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My first impressions of Pug, having arrived horribly late, thanks to London Underground's supreme inefficiency, was of the clean, bright and brand spanking newness of the interior, as from the outside it had looked nothing like as inviting.
A large bar at the front extended to the dining room, which had been painted a pleasing combination of dark olive and apple green. The light and airy room gave a feeling of space between the tables, even though they were actually quite close together.
My fellow gourmet enthusiast, being an ultra punctual individual, had been waiting quite a while by now and had sensibly ordered herself one of the wines by the glass, a '99 Pinot Grigio Pasqua, which was crisp, light and refreshing. Deciding to continue with the wine by the glass theme (at around the £3.50 mark), I followed suit, but did make the observation that there was quite a limited choice if one drank that way. As for half bottles, they were not available at all, except for some dessert wines. Restaurateurs might do well to remember that often there can be more than one driver per table!
Having been offered an interesting selection of bread rolls, including a delicious looking baguette, we settled down to peruse the menu. There was a fixed price menu a la Francaise, (such a good idea for those keeping an eye on the cost), which at £14.50 seemed very reasonable. It included a good selection from the main menu, but it wouldn't be for vegetarians as the choices were all meat and fish based.
My editor reminds me from time to time that it is the duty of the restaurant critic to try anything at all unusual or adventurous, so I bravely ordered the crispy pigs' trotters terrine with cauliflower purée, our other choice being crab fritters with marinated cucumber, chilli and mint sauce.
When my terrine arrived it was not what I had been expecting at all! It almost had a look of something that should have been an accompaniment to bacon and eggs, such as hash browns. But wait - it turned out to be pure comfort food on a plate, warm and of an unctuous consistency - it was also extremely flavoursome and totally more-ish. We sat in reverend silence and ate it between us, only pausing for sighs of pleasure! Underneath the terrine was a base of cauliflower purée, which accompanied the flavours most admirably. Here's encouragement to those of you who hesitate to try something that you don't like the sound of - you could be in for a great gastronomic surprise!
The crab fritters were served with a delicious sauce flavoured with mint and chilli. The marinated cucumber was shown off to its full potential and was full of spices and flavour. However, compared to the terrine, this wasn't really in the same league and it was a little on the salty side. Among other starter choices, there was duck egg salad with crispy duck and parmesan croutons, and Jerusalem artichoke tart with mushroom compote, all around the £4.50 mark.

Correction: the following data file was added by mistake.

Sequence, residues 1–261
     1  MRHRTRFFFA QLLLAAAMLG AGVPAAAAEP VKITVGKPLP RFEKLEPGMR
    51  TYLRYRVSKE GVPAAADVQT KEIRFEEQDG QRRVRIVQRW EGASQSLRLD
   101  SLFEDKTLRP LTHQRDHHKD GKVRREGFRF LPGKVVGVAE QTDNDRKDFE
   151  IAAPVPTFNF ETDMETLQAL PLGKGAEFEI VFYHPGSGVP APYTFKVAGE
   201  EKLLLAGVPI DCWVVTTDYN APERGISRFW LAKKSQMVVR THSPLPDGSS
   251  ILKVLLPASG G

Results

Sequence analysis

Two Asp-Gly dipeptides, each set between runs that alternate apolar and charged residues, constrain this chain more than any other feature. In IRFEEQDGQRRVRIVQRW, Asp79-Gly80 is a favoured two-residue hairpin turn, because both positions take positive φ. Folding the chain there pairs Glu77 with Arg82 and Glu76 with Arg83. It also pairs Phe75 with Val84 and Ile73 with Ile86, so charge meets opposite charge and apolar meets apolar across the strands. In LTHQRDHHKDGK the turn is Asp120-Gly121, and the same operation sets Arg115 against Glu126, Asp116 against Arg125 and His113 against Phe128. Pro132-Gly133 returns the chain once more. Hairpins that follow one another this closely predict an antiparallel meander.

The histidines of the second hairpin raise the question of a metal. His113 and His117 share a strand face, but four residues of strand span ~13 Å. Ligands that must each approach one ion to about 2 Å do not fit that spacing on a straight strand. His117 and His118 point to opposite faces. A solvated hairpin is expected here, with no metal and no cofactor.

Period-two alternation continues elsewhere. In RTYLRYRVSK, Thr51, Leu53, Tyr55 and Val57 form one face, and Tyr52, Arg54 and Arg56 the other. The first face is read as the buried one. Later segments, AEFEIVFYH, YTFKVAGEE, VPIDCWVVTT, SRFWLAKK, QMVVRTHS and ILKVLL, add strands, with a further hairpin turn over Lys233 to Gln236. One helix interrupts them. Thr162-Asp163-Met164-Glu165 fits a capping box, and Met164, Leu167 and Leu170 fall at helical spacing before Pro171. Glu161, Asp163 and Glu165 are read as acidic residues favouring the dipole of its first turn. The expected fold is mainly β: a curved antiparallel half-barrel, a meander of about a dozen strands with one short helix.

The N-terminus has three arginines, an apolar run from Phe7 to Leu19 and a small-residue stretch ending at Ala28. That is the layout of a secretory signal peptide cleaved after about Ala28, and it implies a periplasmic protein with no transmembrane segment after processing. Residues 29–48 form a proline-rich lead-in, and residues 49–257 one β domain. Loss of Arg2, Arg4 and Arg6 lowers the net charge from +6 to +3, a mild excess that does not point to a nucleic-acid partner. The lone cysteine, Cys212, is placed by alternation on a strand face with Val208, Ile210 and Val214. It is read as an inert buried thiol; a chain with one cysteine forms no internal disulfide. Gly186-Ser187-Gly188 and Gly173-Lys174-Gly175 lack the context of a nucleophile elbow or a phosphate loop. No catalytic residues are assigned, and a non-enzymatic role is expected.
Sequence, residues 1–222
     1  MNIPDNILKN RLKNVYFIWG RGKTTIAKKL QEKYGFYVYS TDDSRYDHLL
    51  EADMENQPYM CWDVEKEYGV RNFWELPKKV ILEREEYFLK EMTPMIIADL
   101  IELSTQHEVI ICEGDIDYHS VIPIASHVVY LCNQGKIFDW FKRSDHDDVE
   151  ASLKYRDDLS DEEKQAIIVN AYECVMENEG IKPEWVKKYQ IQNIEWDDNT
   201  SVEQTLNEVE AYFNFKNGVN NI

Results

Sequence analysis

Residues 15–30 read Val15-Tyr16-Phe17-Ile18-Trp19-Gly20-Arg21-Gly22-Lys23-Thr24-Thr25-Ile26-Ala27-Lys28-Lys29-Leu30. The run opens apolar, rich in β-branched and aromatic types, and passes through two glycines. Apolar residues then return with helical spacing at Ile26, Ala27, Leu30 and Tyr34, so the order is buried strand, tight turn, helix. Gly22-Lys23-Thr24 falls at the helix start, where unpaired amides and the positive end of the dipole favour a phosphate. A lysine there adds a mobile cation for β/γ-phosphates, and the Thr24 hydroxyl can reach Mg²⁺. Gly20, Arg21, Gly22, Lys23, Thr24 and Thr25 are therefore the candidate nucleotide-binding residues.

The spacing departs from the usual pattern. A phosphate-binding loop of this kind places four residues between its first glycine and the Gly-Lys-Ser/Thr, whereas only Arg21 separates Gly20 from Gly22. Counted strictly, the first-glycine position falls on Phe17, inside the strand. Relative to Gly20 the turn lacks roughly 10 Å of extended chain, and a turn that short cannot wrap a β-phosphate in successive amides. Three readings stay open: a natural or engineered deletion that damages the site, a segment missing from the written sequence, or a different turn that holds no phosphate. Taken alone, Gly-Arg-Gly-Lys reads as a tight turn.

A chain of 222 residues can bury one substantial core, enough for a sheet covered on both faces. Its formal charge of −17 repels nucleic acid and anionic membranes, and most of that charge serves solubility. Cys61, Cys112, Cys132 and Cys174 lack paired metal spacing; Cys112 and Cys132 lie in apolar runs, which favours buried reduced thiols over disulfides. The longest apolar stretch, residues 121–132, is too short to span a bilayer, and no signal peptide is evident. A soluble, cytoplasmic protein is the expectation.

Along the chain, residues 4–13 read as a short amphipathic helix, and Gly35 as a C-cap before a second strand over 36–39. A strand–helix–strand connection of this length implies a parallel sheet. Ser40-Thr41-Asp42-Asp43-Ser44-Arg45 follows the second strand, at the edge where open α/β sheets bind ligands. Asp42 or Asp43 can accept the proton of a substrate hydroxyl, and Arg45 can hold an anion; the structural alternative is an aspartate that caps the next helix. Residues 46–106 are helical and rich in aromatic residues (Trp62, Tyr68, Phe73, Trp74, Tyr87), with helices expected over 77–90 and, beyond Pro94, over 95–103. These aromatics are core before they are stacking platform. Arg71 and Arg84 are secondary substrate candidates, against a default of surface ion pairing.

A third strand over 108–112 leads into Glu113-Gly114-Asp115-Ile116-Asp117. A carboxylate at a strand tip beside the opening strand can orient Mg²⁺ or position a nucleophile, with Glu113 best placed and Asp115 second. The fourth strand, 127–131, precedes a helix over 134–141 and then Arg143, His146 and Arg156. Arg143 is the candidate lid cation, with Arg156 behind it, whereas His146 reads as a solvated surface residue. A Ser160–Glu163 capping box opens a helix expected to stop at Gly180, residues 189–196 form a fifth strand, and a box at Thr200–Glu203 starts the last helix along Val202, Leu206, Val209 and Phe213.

In the main course department there was plenty of choice for everybody, with an interesting roasted butternut pumpkin seed risotto, and two other dishes for veggies (or anyone esle come to that). We decided on Moroccan lamb with lime and herb couscous with yoghurt dressing, and a steamed John Dory with aubergine purée, crushed olives and potato galette. These dishes were all around the £10.50 bracket.
My overall impression of the fish was OK but rather bland. It would have been nice to have been offered some lemon with it and although the olive purée had a lovely dense flavour, the whole thing was nothing to write home about. Whereas, the lamb came cooked just as we'd asked for it, and was tender, nicely spiced but not too strong, although the accompanying cous-cous was rather tasteless. But to make up for it, we had some excellent spinach and a very generous rocket and parmesan salad.
Onto puddings, of which there was a choice of six, or an English cheese plate, with chutney and oatcakes. My friend ordered the rum and raisin crème brulée, which was very rich, creamy and full of flavour. I resisted the chocolate and cherry pudding with crème fraiche, and the banoffee cheesecake with mocha sauce, and decided on something light - apple tart with its own ice and apple balsamic. The ice was very apply and sharp, and made a delicious ending to a very pleasant evening. We left feeling very content. I think it's a sign of good, cooking when one can leave after a meal and feel light, and not horribly over-stuffed. Obviously Elton John must have the same philosophy, because Pug's chef/patron Brian Baker spent two years as Elton's private chef.
With Chiswick having the most amazing selection of places to eat out, Pug will have to concentrate on making sure it maintains its already high standards to pull in the regulars,. But considering how busy it was on a Tuesday night, I think this little dog is well on his way to making his mark.
Louise Elgin - December 2000
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